Photo manipulation tricks human eyes very easily according to a new report. Three researchers from the Department of Psychology at the University of Warwick have done a number of tests to conclude that “people have poor ability to identify whether a real-world image is original or has been manipulated.” In other words – humans do not have any sort of innate sense for discerning reality from computer-edited photography, AKA Photoshopping.
Before we get too wild with the term Photoshopping, it’s important to note that Adobe dislikes it! When anyone uses the term “Photoshop” in a generic sense, Adobe cringes. It’s the same deal as when K2 sheds a tear every time someone says “rollerblading” instead of “inline skating.”
The study we’re chatting about today has a set of three distinguished researchers presenting some solid results.* In their research, they presented 707 people with a series of photos. That included a mix of respondents that fit in the following set of figures: M = 25.8 years, SD = 8.8, range = 14–82; 460 male, 226 female, and 21 whom decided to decline to respond.
This set of people were shown a set of 10 photos, half of which were original (non-manipulated). The other half of the photos had one of five different manipulation types applied. With these photos, the researchers “measured people’s accuracy in determining whether a photo had been manipulated or not and their ability to locate manipulations.”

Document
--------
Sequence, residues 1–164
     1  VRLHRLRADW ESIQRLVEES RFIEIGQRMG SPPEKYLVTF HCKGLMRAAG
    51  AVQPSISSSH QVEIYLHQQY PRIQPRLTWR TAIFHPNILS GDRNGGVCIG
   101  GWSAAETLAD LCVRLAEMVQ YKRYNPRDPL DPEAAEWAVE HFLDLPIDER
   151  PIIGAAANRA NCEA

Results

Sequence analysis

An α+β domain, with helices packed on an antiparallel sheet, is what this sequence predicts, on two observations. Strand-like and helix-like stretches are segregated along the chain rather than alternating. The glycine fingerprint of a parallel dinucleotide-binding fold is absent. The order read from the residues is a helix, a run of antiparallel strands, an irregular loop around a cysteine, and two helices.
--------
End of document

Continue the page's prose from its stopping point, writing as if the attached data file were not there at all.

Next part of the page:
The aim of this study was to gain a better understanding of “people’s ability to accurately identify fake from original images.” In this case, they mean photos – the subject of non-photo imagery and manipulation is a related, but different subject.
“This understanding will help to inform the development of effective guidelines and practices to address two key issues: how to better protect people from being fooled by fake images, and how to restore faith in original images.” said the research team.
The results this team arrived at suggest that people have an “extremely limited ability to detect and locate manipulations of real-world scenes.” They also found that in identifying potential photo manipulation, “the amount of change” ends up being more important than the “plausibility of the change”.
We’re living in a dangerous time. Falsified photos are easy to create, and a shocking lack of oversight and photo-verification tests is in play.
“The rise of photo manipulation has consequences across almost all domains, from law enforcement and national security through to scientific publishing, politics, media, and advertising,” said the researchers. “The growing sophistication of photo-editing tools means that nearly anyone can make a convincing forgery.”
The above set of images includes the following, clockwise from the upper left: Photo with shadow manipulation; photo with boat digitally inserted; airbrushed photo; original photo. (Sophie Nightingale, Cognitive Research, 2017)
To read more about this subject, see the full paper “” at the scientific journal Cognitive Research Journal. This paper was authored by Sophie J. Nightingale, Kimberley A. Wade, and Derrick G. Watson, and can be found with code DOI: 10.1186/s41235-017-0067-2 as of this month, July of 2017.